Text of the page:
This was a very sweet and enjoyable children’s book. As a wannabe writer, I’m making sure to soak up a lot of different age ranges and one of the best books I’ve read lately was a kids book (The Girl of Ink and Stars). But unfortunately, this one didn’t just quite wow me.

I would happily read this to my children but it didn’t translate very well for adult reading. I got a little bored midway through the book which I would purely put down to my age. It had beautiful moments of whimsy which I always love but was lacking substance for an older reader.

My favourite part was the setting. I adore snow which is why I chose the quote above. I just wanted to be whisked away into the snow-covered forest Feo was adventuring through with my own trusty wolves next to me to keep me warm.

I’ll definitely keep it on my shelf for future bedtime stories!

Again, I am delayed but hopefully I can pick it back up, but this time I’m not promising anything just in case! In the meantime, keep up to date with where I’m escaping to on my Goodreads profile, Twitter, Instagram and Facebook Page.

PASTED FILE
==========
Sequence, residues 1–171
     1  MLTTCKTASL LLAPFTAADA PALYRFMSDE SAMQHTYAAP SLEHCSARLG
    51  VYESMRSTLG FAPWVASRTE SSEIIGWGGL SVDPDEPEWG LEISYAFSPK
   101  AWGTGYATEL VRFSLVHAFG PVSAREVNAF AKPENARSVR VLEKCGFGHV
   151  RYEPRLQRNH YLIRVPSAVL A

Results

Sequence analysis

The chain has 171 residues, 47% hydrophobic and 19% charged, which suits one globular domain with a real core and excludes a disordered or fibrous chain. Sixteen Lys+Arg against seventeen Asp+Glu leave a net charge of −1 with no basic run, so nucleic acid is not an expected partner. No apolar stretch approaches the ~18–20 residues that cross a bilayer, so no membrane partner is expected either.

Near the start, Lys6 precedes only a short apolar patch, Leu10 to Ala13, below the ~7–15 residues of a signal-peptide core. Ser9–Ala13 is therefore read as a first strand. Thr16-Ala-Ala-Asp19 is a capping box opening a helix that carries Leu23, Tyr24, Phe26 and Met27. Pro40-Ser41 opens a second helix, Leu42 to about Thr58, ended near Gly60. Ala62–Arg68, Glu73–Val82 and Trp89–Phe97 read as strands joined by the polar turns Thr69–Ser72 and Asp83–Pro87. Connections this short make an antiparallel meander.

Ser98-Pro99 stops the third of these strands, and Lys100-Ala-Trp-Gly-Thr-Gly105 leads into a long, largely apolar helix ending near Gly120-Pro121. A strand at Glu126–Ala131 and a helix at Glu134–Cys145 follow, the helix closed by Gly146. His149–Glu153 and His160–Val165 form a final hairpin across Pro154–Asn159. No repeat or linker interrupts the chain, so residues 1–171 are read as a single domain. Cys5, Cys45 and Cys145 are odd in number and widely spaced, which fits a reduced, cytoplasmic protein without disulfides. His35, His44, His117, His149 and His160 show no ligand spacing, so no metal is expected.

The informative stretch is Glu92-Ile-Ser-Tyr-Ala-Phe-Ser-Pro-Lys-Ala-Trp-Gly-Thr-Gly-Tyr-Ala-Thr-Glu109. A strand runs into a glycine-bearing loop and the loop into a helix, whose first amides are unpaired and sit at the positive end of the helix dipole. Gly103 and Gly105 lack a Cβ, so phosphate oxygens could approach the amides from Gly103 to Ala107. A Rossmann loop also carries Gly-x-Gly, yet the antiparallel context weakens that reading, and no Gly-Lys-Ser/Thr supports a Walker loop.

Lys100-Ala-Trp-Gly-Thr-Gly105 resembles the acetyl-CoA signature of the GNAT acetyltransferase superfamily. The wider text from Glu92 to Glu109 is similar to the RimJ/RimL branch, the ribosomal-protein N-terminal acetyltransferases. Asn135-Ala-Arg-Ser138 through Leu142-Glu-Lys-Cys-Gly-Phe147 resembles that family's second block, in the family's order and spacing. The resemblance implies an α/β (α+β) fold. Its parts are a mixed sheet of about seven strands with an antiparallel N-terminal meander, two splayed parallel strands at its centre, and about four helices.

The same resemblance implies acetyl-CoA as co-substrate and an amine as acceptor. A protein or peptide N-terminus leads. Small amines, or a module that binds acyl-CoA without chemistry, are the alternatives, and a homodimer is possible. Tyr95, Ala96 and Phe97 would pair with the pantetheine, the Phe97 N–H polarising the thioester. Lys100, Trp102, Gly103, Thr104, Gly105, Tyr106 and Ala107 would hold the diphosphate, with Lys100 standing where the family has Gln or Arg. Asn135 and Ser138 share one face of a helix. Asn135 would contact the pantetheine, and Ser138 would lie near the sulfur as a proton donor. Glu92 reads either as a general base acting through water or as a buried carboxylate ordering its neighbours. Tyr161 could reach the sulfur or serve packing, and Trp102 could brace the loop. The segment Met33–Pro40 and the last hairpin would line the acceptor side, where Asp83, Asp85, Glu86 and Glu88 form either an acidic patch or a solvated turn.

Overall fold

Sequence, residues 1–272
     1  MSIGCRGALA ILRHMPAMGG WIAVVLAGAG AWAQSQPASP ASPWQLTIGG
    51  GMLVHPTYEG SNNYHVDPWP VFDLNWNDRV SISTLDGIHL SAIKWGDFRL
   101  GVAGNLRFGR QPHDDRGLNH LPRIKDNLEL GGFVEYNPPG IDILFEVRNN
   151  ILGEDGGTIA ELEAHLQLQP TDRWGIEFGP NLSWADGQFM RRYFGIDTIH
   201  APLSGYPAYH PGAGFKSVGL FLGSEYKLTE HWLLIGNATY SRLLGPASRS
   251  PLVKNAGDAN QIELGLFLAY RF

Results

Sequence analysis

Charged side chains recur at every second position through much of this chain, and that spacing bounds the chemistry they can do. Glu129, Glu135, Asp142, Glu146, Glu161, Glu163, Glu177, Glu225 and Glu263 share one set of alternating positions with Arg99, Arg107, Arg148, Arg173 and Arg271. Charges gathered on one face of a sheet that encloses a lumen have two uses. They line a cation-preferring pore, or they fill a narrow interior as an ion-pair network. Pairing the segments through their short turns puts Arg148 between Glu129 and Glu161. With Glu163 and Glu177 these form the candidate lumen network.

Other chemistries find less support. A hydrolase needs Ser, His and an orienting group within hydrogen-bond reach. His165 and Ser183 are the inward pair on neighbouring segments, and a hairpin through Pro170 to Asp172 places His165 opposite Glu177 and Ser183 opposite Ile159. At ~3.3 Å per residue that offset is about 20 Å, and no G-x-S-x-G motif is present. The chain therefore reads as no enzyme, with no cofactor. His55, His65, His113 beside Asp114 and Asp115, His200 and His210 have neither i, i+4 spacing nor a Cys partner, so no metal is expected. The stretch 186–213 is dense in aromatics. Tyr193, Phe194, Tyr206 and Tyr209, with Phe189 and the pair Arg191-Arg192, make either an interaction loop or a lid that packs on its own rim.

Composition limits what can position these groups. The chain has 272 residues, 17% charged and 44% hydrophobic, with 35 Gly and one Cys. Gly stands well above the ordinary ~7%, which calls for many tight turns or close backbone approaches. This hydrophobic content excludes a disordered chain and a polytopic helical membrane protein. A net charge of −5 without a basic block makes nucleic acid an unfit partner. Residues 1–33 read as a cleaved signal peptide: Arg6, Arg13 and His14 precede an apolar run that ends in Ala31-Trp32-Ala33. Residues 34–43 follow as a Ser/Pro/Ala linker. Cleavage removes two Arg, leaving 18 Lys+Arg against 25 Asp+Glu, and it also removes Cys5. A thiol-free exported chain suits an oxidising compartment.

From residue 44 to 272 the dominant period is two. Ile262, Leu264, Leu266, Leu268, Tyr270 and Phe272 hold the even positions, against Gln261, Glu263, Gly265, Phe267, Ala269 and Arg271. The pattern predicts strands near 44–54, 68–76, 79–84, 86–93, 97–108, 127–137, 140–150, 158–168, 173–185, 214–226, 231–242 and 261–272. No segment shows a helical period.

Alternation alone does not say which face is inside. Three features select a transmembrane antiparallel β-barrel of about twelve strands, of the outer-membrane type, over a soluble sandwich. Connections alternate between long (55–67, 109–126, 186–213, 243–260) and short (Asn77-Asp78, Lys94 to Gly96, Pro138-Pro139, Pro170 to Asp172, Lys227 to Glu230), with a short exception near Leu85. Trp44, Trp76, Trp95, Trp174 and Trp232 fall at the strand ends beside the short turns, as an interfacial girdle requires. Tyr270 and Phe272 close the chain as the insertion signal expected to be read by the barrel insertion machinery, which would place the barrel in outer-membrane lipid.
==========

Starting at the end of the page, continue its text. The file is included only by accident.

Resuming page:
Happy reading. 💕📚

May 2017


I know, I know, I’m ashamed! Life has been quite the rollercoaster at the moment and reading let alone writing book reviews sort of took a back seat. But I’m back now and committed again! So without further ado I present, albeit belated, May’s reads:

  • The Power by Naomi Alderman
  • Talking as Fast as I Can by Lauren Graham
  • The Girl with All the Gifts by M.R. Carey

The Power by Naomi Alderman

“The only wave that changes anything is a tsunami. You have to tear down the houses and destroy that land if you want to be sure no one will forget you.”


What. A. Book. This only didn’t get 5 stars because I’m trying to be stricter on my grading and I thought that it just didn’t make the cut. This book came to my attention because of the Bailey’s Women’s Prize (which it went on to win) but it’s the kind of dystopian novel I would go for anyway, especially with a hint of feminist activism!

Naomi Alderman should be really proud of this work and I would encourage most people to read it. The characters were great, but I think the slight lack of character depth took that 5th star away. Because it’s written through a few different stories, I didn’t feel the same connection with each character as I would have liked. But that way of writing was crucial to the story so I completely understand it.